Well we were doing all the drums and there were these big ‘Tom’ hits on one of the tracks and I just said to Dan (Flint, Drums) “can I play it?” and he said “yeah” so I went in and smashed these toms because it was quite fun, so I got to do some of the drums. We then came to the last track recording bass and Dan asked if he could play a bit so he played for two seconds, flapping at the strings, then I played a bit of guitar on the album, Josh (Franceschi, Vocals) got a bit jealous and said “this is bullshit all I get to do is sing I want to play an instrument” so we gave him a guitar and told him to strum this chord. So we were all just trying to get as involved as possible on the album but I got to play drums, play bass, do vocals and gang vocals on the album. I got everything!

You’re almost You Me At Six on your own then – do you think you could ever go solo?

Oh hell no!

You talked about headlining Wembley. Obviously that was a huge event – how do you follow up an event like that?

Well we’re going to do Wembley stadium next year, which we’re going to be putting on sale soon which will be great…no, I’m only joking! That’s eighty six thousand people, which would be crazy! No, I don’t really know. Wembley was the absolute highlight of our careers and we didn’t ever think that we’d get that far as a band. If this band ends tomorrow and this album is s**t and no one likes it – at least we made it that far and did Wembley. We were stoked on that. We have no idea what we’re going to do next. The dream would be touring the UK doing Wembley-like arenas like the MEN Arena in Manchester instead of the one off gigs. That’s what’s on the cards next and obviously Wembley Stadium in 10 years!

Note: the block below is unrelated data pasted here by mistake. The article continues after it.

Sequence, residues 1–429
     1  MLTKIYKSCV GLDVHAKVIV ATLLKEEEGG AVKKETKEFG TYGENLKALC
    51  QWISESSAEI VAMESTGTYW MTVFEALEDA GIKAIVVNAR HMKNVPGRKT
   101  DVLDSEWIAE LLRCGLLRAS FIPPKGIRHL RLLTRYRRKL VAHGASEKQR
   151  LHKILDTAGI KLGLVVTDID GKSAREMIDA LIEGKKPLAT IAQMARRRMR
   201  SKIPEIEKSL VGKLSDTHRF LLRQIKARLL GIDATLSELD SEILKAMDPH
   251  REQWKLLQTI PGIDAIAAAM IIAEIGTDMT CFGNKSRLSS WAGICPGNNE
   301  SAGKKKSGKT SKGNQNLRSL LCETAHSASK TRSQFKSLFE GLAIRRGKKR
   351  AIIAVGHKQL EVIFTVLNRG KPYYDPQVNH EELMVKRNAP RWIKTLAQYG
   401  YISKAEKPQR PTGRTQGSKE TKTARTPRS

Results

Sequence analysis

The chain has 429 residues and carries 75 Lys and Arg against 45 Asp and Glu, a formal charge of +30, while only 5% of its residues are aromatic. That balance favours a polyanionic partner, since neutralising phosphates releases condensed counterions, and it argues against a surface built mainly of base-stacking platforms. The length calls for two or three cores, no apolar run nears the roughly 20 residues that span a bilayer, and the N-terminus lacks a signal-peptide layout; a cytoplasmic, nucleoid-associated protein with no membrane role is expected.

You’re quite a down to earth, carefree band – do you actually feel pressure after Wembley to do something bigger?

Well ‘Cavalier Youth’ actually means ‘carefree youth’; that’s what cavalier means. We’ve always seen ourselves as carefree and not really worrying about what’s going to happen in the future, so that’s really why we’ve named the album ‘Cavalier Youth’. We take everything as it comes and we won’t stress about what’s coming in the future.

You’re touring with 30 Seconds to Mars very soon – do you feel pressure touring with such a huge cult band?

There is. They are a huge band and they’re very unique; their fans are 30 Seconds to Mars fans who are dedicated to them. We’re just hoping that we can convert some of them to being You Me At Six fans as well. It’s quite scary going on tour with bands with such intense fans but hopefully they’ll be nice to us and listen to what we have to say but yeah, we are quite apprehensive about it and we don’t know what the tour will entail. But it’ll be great; we’ve heard that three hundred and fifty thousand people are going to the tour in a month which is crazy.

You’ve been out of the rock scene as it were to record the album – do you feel any kind of pressure coming back?

Well when you go away for a bit it’s always a bit scary going back in – it feels like someone may replace you. You can never take too long out which is why we didn’t want to take longer than necessary out to write and record this album. Our management said we could record it late in the year but we wanted to get it done as early as possible for Neal Avron to produce it.